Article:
In his retirement announcement, Republican Sen. Saxby Cambliss cited "the dearth of meaningful action from Congress" as one reason for not seeking re-election next year.
"The debt-ceiling debacle of 2011 and the recent fiscal-cliff vote showed Congress at its worst and, sadly, I don't see the legislative gridlock and partisan posturing improving anytime soon," the Capitol Hill veteran said in a statement.
Democratic Sen. Joe Manchin can appreciate Chambliss' sentiments.
When was asked earlier this month about the functionality of Congress, he chalked up the body's poor legislative record to a few problems. The most important one, he said, was the fact that members don't know one another outside of work.
"In two years [since he came to Washington], we have not had, in the Senate, a bipartisan caucus, where Democrats and Republicans talked about the problems of the day to try and find commonality," he lamented.
Manchin is not alone.
"It is very sad. And I know many times I would look up on TV and I would see somebody and then the name would come up and it would say 'member of Congress' and I'd go 'I don't even know who that is,'" said former Republican Rep. Connie Mack, who lost his re-election bid in November.
It is a common refrain on the Hill -- the idea that if Congress were more social, more buddy-buddy outside the Capitol complex, that it would be more functional in doing the people's work.
The good old days
The truth is not that simple, according to former leaders of the Senate and House.
The nostalgia for the "good ol' days," when members would play tennis atop the Hart Office Building and drink whiskey after hours, may be tempting to admire, but it is far from the cure-all for Washington's seemingly unbreakable gridlock, they say.
"Nostalgia is always great," Dan Glickman, a former Democratic representative from Kansas and senior fellow at the Bipartisan Policy Center, said with a laugh.
"Sometimes I remember my life as congressman in the '80s positively and my wife says I am dreaming. 'You hated it,' she will say," he said.
Glickman was in Congress from 1977 to 1995 then was President Bill Clinton's agriculture secretary until 2001. He said he watched Congress change in the late 1990s and 2000s and wondered about the tipping point.
His synopsis: Congress is like other organizations, except it has 535 independent contractors rather than a business-like structure built around a chain of command.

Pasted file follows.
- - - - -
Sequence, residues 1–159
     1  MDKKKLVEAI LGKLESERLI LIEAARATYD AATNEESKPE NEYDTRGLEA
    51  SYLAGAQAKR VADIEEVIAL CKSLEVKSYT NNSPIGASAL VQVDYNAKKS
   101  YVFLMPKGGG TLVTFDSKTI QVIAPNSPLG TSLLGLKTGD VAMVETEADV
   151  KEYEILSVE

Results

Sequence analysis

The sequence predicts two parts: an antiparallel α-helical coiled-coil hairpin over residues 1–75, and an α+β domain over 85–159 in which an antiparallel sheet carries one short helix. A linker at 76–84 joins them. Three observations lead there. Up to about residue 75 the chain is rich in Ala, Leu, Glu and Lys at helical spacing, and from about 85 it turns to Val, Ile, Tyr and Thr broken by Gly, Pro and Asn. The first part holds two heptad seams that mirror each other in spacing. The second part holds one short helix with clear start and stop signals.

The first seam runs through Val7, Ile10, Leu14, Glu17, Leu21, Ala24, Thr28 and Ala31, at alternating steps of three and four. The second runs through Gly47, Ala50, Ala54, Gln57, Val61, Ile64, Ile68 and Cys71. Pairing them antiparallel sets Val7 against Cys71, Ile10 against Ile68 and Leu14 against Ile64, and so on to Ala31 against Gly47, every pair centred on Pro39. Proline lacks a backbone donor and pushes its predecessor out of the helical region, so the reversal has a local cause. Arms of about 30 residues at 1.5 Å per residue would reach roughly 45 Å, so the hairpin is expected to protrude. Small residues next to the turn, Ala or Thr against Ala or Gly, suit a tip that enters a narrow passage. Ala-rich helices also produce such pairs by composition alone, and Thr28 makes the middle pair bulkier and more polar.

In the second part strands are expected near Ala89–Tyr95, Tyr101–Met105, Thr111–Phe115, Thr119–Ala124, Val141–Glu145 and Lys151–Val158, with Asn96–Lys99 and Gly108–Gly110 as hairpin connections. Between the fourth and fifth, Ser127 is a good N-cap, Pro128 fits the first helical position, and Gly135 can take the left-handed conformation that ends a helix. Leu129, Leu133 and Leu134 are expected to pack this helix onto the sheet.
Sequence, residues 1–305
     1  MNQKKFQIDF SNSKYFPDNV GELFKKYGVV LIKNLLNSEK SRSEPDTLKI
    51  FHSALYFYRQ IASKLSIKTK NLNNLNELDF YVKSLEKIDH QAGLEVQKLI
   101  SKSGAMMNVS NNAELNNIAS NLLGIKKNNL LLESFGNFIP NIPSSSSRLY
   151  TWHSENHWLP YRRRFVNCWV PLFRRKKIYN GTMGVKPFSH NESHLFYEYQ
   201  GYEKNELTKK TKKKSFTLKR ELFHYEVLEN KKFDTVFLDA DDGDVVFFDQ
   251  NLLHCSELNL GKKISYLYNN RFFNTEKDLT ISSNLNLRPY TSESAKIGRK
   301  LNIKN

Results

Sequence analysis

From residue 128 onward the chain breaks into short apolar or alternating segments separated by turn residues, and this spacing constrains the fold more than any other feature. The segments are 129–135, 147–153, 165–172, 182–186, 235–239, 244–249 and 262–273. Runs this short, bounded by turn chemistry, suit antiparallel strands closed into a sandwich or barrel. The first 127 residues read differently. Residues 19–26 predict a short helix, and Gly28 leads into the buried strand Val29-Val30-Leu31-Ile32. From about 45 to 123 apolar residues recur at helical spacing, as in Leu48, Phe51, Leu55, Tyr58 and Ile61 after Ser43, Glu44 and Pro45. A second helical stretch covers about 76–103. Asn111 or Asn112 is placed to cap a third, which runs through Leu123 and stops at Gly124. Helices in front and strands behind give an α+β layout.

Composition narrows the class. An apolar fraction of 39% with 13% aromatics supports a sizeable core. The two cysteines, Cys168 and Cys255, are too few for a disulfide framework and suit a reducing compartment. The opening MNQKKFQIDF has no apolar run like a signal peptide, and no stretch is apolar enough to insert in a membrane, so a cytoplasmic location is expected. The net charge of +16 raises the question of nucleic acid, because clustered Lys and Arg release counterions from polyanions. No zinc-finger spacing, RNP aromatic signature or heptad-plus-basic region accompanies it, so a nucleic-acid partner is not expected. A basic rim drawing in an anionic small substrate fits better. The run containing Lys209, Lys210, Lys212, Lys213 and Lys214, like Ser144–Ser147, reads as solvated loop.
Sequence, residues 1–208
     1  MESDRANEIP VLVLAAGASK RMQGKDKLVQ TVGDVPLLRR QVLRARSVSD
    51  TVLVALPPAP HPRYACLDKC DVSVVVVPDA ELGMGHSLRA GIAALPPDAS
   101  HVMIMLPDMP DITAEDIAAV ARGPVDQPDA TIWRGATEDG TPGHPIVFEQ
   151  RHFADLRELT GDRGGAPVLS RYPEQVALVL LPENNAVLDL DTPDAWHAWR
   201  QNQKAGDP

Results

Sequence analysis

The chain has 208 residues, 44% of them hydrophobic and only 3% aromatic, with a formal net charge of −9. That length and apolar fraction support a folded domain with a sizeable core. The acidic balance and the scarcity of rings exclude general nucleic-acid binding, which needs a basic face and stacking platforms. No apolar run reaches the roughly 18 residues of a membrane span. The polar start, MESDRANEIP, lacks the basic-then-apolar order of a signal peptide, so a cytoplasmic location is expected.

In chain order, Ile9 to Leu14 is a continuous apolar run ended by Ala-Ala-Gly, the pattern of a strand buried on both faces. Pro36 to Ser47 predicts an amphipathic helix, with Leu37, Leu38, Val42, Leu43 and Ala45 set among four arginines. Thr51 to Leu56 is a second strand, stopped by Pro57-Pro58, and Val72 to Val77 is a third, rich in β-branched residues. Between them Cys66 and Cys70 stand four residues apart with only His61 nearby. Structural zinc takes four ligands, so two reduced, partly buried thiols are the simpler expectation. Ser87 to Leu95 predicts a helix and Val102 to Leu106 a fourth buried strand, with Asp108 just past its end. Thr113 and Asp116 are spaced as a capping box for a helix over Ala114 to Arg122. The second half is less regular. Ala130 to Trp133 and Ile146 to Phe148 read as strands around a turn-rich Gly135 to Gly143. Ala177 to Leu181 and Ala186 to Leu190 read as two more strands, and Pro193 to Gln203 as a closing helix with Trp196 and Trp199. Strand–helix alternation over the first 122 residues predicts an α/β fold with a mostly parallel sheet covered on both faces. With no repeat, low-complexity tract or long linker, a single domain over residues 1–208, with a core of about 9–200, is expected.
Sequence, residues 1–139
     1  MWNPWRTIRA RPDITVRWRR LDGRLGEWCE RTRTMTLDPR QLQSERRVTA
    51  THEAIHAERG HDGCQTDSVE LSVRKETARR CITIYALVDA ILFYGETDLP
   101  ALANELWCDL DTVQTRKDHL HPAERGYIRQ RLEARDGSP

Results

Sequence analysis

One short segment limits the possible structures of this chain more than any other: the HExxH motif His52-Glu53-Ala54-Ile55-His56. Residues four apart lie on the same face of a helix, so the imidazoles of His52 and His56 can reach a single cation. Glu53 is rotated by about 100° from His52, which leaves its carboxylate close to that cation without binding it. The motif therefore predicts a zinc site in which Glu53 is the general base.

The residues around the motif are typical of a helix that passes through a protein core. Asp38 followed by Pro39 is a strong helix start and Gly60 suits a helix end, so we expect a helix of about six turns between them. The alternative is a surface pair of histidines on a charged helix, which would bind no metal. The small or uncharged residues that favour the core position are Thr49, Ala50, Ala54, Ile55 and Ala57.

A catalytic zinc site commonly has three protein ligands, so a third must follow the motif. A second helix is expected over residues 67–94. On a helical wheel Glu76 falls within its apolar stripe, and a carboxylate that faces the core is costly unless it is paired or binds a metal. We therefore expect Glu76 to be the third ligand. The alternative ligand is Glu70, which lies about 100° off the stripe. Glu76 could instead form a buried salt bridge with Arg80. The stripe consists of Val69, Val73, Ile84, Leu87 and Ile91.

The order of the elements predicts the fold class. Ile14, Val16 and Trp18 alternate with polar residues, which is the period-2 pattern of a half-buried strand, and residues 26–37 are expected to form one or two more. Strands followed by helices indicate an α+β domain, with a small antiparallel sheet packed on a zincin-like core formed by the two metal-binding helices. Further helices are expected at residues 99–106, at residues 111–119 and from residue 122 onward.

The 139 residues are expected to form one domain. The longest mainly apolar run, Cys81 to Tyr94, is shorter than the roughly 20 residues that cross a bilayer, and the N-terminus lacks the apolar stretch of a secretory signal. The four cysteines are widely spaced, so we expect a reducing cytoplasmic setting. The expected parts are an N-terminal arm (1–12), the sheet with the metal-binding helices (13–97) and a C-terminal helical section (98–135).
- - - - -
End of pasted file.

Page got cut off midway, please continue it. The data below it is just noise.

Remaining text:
"Congress is no different than any other organization, if people don't get along, then you get dysfunction," Glickman said. "Basic principles of just human interaction are if you don't like each other and you distrust each other, that is a recipe for an unproductive life."
If numbers are any judge, the 112th Congress was markedly unproductive. The 220 laws enacted were the least in four decades. One fifth dealt with naming or renaming post offices and federal buildings.
By comparison, the 100th Congress enacted 713 laws.
DC an electoral death trap
Being more sociable "is not the cure-all," Glickman said.
Other former members of Congress and high-level aides say the good old days may have been nicer, sociability won't lead to bipartisanship.
"I think it is broader and bigger than that," said former Senate Majority Leader Trent Lott. "I don't want too much revisionist history. Everybody said that was the golden era [in the early 90s]. It was not always easy, though. We had some pretty tough disagreements."
Lott points to the welfare debate between Clinton and House Speaker Newt Gingrich and impeachment proceedings against the president in the late 90s as examples.
For men like Glickman and Lott, the problems of Congress are deeper than whether they dine, drink and hang out with each other.
The fact that California is only a five-hour flight from Washington means that members can easily get into town on a Monday and head out by Thursday night, leaving no time to socialize.